Epidemiology is the study of how often diseases occur in specific populations and why. Epidemiological research is the cornerstone of public health. Epidemiological evidence provides the foundation for public health measures, aimed at reducing disease burden in specific populations.
This course will introduce you to basic methods and study designs in epidemiology. The prevalence, incidence and main determinants of major communicable and non-communicable diseases will be addressed. By using examples, this course teaches different study designs used in epidemiology and public health research such as: case-control studies, cohort studies, randomized controlled trials and systematic reviews. Also, basic epidemiological and public health measures of associations will be discussed as well as potential biases and internal and external validity of epidemiological findings.
At the end of this course, students will be able to:
Reproduce the prevalence, incidence and main determinants of common communicable and non-communicable diseases.
Explain basic frequency measures used in epidemiology, like the (cumulative) incidence and the prevalence, and basic measures of association like the risk ratio, rate ratio, and odds ratio.
Name and describe the study designs used in epidemiology and indicate the major advantages and disadvantages of the different study designs.
Be able to select the most suitable study design to address a specific research question and describe how to apply it.
Name and describe different forms of bias, like selection bias, information bias, and confounding.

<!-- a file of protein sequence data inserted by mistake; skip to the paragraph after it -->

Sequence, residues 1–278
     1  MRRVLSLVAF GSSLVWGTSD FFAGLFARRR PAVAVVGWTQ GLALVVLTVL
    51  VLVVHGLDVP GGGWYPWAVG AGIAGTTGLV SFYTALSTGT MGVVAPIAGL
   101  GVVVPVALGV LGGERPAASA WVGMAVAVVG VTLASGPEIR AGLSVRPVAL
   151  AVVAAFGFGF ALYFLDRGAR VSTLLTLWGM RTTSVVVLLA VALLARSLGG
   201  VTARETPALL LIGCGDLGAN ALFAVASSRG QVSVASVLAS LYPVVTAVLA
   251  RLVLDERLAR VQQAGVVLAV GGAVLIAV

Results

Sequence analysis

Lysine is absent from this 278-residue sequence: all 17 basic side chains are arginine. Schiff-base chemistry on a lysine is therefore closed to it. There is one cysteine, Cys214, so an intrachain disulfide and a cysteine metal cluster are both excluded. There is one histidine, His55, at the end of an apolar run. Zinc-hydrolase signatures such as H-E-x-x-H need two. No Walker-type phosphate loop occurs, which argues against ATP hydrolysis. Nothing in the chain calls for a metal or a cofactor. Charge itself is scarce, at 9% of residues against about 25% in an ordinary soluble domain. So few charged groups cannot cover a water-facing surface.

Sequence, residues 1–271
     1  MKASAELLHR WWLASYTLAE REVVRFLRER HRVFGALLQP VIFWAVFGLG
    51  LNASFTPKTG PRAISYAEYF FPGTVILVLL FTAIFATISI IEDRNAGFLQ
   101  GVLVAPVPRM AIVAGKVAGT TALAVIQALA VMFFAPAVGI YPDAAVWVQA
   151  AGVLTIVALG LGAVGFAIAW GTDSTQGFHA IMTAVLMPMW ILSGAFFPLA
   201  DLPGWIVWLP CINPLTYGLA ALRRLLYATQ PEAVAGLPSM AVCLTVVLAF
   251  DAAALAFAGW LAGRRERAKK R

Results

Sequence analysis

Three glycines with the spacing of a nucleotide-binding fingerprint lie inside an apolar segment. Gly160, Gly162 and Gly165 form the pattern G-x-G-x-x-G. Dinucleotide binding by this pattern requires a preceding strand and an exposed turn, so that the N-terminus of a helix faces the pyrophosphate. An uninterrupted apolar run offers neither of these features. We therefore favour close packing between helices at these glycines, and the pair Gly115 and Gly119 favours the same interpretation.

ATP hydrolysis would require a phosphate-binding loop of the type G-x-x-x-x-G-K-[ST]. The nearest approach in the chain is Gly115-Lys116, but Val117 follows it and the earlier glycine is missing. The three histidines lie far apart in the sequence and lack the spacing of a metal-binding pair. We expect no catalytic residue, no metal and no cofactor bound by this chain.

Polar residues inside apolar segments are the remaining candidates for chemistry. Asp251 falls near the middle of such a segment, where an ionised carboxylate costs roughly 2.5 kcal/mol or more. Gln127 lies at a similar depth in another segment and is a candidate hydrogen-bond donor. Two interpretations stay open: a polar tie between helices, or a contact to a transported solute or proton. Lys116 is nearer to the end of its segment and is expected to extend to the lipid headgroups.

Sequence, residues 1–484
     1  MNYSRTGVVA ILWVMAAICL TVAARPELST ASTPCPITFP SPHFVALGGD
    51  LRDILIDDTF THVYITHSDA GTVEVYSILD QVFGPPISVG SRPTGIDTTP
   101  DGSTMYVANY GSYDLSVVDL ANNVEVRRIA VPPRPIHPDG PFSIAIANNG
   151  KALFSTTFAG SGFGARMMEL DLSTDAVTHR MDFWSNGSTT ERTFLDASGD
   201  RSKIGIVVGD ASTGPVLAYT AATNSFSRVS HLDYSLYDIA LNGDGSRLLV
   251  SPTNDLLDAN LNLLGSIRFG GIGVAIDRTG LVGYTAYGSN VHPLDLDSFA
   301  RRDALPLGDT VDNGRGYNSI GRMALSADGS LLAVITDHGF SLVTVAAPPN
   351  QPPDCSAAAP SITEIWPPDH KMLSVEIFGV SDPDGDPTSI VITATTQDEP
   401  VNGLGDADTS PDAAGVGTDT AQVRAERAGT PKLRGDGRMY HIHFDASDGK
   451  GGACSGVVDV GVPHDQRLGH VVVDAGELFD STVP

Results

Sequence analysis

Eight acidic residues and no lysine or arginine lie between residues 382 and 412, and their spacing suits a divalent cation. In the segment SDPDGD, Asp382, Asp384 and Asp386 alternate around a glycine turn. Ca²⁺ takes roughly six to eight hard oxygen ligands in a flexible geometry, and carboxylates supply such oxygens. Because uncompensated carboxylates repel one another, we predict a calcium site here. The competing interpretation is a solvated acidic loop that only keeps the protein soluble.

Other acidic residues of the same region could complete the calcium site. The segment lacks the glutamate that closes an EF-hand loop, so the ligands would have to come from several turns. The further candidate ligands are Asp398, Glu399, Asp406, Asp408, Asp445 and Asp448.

Recognize and explain effect modification.
Explain the difference between internal and external validity.
Timetables for courses offered at Leiden University College in 2021-2022 will be published on this page of the e-Prospectus.
Mode of instruction
Case studies and exercises
Group assignment and presentations
Individual assignments (written: ethics (15 %, due week 3); systematic review (15%, due week 5))
Group assignments: design a study (presentation and discussion (15%, due week 6); written report (15%; due week 7))
Final, written exam (open and multiple-choice questions (40%, due week 8))
Webb P, Bain C. Essential Epidemiology: An Introduction for Students and Health Professionals. 2nd or 3rd edition. Cambridge: Cambridge University Press.
Courses offered at Leiden University College (LUC) are usually only open to LUC students and LUC exchange students. Leiden University students who participate in one of the university’s Honours tracks or programmes may register for one LUC course, if availability permits. Registration is coordinated by the Education Coordinator, firstname.lastname@example.org.
Dr Rutger A Middelburg, email@example.com